For Loneliness Awareness Week TJ interviews wellbeing experts on how loneliness affects our workforces
Loneliness has a detrimental impact on an individual’s mental health and wellbeing. This feeling is associated with various mental and physical health conditions. Research suggests that loneliness can contribute to depression, cognitive decline, and even heart disease. This can therefore cause issues in the workplace for an employee, such as reduced engagement, decline in productivity, low morale and burnout.
The increase in hybrid and remote working for many across the UK that we have seen over the last few years has increased the risk of workplace loneliness for many. With the cost of workplace loneliness to employers being estimated at £2.5 billion every year, it is crucial for employers to prioritise their employee wellbeing to maximise engagement and productivity. This Loneliness Awareness Week, it is important to examine the causes of loneliness at work and learn how to prevent it in the workplace and tackle it when it arises.
Building a community
A foundational element of preventing loneliness is to create a community in the workplace which fosters a culture of kindness, care, and freedom to express yourself. This will give individuals a sense of belonging and a real connection to their workplace. This could be like a parent, looking out for and guiding each employee.
The cost of workplace loneliness to employers being estimated at £2.5 billion every year
Penny Power OBE, co-founder of the BIP100 Club suggests the focus should be on building a community. This can be done virtual or face to face, but when it is based on a set of authentic and unifying values, its members also serve each other, reducing the risk of loneliness among workforces.
“Imagine building a community that provides a sense of freedom and sharing, of love and caring. It is not hard to imagine the benefits for all when that culture is created. This is community-led business growth; this is not a network. When each person rises, the whole team rises. When we look after the wellbeing of each other, we all feel stronger,” says Penny.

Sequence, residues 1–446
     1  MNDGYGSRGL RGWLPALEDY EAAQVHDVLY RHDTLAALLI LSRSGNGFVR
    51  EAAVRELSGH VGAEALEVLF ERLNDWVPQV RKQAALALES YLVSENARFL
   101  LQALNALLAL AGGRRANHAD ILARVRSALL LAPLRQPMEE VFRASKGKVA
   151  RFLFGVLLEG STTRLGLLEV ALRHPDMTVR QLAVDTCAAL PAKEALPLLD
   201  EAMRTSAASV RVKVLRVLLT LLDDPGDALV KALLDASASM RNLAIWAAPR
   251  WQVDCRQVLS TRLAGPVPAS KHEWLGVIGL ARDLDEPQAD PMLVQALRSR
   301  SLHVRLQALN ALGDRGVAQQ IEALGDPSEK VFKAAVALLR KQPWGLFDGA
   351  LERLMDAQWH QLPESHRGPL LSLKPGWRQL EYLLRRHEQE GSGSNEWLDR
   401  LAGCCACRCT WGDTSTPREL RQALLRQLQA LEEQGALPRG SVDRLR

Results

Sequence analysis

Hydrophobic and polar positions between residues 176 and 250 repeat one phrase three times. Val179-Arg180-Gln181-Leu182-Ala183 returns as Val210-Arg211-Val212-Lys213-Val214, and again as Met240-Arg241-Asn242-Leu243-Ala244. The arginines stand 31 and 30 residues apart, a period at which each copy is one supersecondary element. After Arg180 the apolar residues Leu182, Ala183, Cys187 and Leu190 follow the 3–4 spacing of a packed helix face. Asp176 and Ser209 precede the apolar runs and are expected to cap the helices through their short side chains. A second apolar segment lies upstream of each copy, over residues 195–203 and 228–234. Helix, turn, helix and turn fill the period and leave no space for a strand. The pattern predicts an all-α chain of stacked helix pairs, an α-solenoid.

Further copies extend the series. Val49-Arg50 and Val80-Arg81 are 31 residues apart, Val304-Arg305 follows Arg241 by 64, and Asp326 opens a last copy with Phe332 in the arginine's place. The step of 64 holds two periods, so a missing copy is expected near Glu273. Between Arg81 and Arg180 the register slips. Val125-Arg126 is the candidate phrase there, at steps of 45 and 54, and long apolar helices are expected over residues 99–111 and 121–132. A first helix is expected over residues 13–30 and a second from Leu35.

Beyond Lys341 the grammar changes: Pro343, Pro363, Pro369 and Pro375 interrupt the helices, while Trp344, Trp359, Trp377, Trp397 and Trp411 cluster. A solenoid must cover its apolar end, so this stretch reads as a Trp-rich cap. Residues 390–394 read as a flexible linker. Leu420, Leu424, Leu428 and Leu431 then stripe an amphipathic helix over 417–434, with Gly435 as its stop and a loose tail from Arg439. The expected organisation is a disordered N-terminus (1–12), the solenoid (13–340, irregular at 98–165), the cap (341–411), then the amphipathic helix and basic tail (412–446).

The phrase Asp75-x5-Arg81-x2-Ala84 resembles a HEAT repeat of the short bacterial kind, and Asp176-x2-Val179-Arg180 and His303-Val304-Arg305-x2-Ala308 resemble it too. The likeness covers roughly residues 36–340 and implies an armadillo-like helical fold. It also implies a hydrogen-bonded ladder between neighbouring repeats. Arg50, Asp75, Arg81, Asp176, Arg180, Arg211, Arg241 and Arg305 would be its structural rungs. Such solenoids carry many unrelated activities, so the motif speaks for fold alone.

Monitor stress levels
When people are feeling stressed and overwhelmed with work, they may isolate, feeling they need to solve their issues alone. Or may be anxious to admit they are struggling with their workload. This can become even worse if leaders are never present and miss their scheduled office hours.
Carmel Moore, organisational development consultant and director of One Moment Company, believes that stress and loneliness are related. ‘‘Sustained stress over time can drive you deeper into your own private trench’’, she says.
“Do you find that when you are overwhelmed you consult less? In your own rushing and overcommitment, do you signal that stress is the price of success in your business and comes at a high personal cost?” asks Carmel. She advises leaders to be very clear when setting deadlines and to explain why. “When people are working independently, it is easy to assume that something is more urgent than it really is, and managers who are lax and loose with deadlines can be the cause of stress.”
Offer a range of accessible support